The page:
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Risk of lymph node metastasis in undifferentiated-type mucosal gastric carcinoma

Abstract

Background

Endoscopic resection (ER) has come to be recognized as a standard treatment for early gastric cancer (EGC). While its adoption is expanding, ER remains restricted to cases of EGC without lymph node metastasis for the treatment of local resection. On the other hand, histopathological analyses of surgically resected specimens of EGC have revealed the presence of lymph node (LN) metastasis in some cases of mucosal gastric cancer (MGC) and undifferentiated MGC (UD-MGC) is considered to have higher risk of nodal metastases than differentiated MGC (D-MGC). To evaluate the risk factors for LN metastasis in MGC, we investigated the characteristics of UD-MGC associated with LN metastasis.

Methods

Among all UD-MGC patients who underwent surgery as initial treatment, between January 2000 and March 2016, we reviewed the clinicopathological data, including the preoperative endoscopic findings and histopathological findings in the resected specimens, of the 11 UD-MGC patients who were identified as having lymph node metastasis. Furthermore, in comparison with cases without lymph node metastasis, we examined the possibility of expansion of the indication for local treatment.

Results

In most of the cases of UD-MGC with LN metastasis, the lesions were relatively large (> 20 mm in diameter) and of the clearly depressed type with faded color and apparent border, and histopathology revealed a high percentage of cases with lymphatic invasion and a predominance of signet ring cell carcinomas. No cases with LN metastasis without depressed macroscopic type nor signet ring cell carcinoma component existed. A degree of invasion of lamina propria (LP) or muscularis mucosae (MM) had same relation to the risk of LN metastasis.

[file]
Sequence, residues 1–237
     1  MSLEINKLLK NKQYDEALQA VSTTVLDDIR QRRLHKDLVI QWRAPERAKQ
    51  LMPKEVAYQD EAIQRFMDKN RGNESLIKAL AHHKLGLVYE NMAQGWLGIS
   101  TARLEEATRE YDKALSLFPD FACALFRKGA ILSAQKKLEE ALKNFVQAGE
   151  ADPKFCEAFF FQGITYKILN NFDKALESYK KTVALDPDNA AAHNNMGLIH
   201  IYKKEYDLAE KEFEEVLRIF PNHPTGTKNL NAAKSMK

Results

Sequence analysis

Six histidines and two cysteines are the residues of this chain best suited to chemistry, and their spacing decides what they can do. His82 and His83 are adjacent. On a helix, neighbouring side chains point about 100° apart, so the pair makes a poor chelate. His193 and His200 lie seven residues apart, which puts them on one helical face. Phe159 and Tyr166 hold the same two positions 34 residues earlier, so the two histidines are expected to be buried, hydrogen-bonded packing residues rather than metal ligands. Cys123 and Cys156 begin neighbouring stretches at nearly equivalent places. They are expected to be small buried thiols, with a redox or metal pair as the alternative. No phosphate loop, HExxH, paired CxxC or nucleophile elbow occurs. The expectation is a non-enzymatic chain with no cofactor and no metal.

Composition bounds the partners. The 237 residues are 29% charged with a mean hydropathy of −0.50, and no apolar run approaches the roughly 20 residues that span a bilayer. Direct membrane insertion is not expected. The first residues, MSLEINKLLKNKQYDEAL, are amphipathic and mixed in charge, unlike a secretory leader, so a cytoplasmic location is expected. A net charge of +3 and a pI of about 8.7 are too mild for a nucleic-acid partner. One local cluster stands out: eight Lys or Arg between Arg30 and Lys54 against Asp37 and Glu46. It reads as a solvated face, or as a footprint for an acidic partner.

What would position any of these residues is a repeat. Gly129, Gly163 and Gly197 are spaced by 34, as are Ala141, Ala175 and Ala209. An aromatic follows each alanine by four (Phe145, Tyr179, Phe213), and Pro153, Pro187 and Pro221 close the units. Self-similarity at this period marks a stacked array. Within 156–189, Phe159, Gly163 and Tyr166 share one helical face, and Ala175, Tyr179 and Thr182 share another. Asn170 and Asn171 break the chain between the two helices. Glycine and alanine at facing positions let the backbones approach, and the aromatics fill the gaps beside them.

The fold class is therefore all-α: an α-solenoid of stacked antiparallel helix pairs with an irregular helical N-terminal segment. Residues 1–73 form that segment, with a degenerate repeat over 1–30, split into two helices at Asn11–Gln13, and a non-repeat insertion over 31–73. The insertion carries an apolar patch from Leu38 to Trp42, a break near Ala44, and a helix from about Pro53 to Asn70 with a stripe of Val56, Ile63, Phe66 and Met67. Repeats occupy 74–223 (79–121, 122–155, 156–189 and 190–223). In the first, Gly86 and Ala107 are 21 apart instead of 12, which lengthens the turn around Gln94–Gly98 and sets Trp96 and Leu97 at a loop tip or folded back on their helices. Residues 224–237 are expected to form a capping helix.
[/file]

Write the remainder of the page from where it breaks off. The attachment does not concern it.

Conclusions

In this study, none of the cases of undifferentiated-type mucosal cancer (UD-MGC) with LN metastasis satisfied the current adoption criteria for ER. We suggested significant risk factors for LN metastasis in UD-MGC cases as depressed tumor type, presence of a signet ring cell carcinoma component, presence of lymphatic tumor invasion, and a large tumor size. More detailed analyses of the endoscopic and histopathological findings may allow further risk classification for LN metastasis in cases of UD-MGC.

Background

Endoscopic resection (ER) has come to be adopted as a standard treatment method for cases of early gastric cancer (EGC) without lymph node (LN) metastasis, in place of conventional radical gastrectomy with LN dissection. Adoption of ER is based on the criteria described in the Gastric Cancer Treatment Guideline (after 4th edition), and there has been a tendency for expansion of the criteria for adoption of ER for lesions with a low risk of LN metastasis [1, 2]. But still, when postoperative histopathological diagnosis is proven to meet to be within absolute criteria and expanded criteria, the cases are diagnosed not to need additional treatment.

Mucosal gastric cancer (MGC) is also known to be associated with a small risk of LN metastasis, depending on the histopathological pattern, presence/absence of lymphatic/vascular invasion, size, and presence/absence of ulceration. The reported rates of LN metastasis in cases of MGC range from 0 to 21% [3,4,5]. Current criteria for adoption of ER, including the expanded criteria, are based on the analysis of the groups of patients to have an absent or lower risk of LN metastasis rather than on the risk of mortality from surgery [6], though indications for ESD in undifferentiated adenocarcinoma are still controversial regarding to the oncologic features of undifferentiated EGC.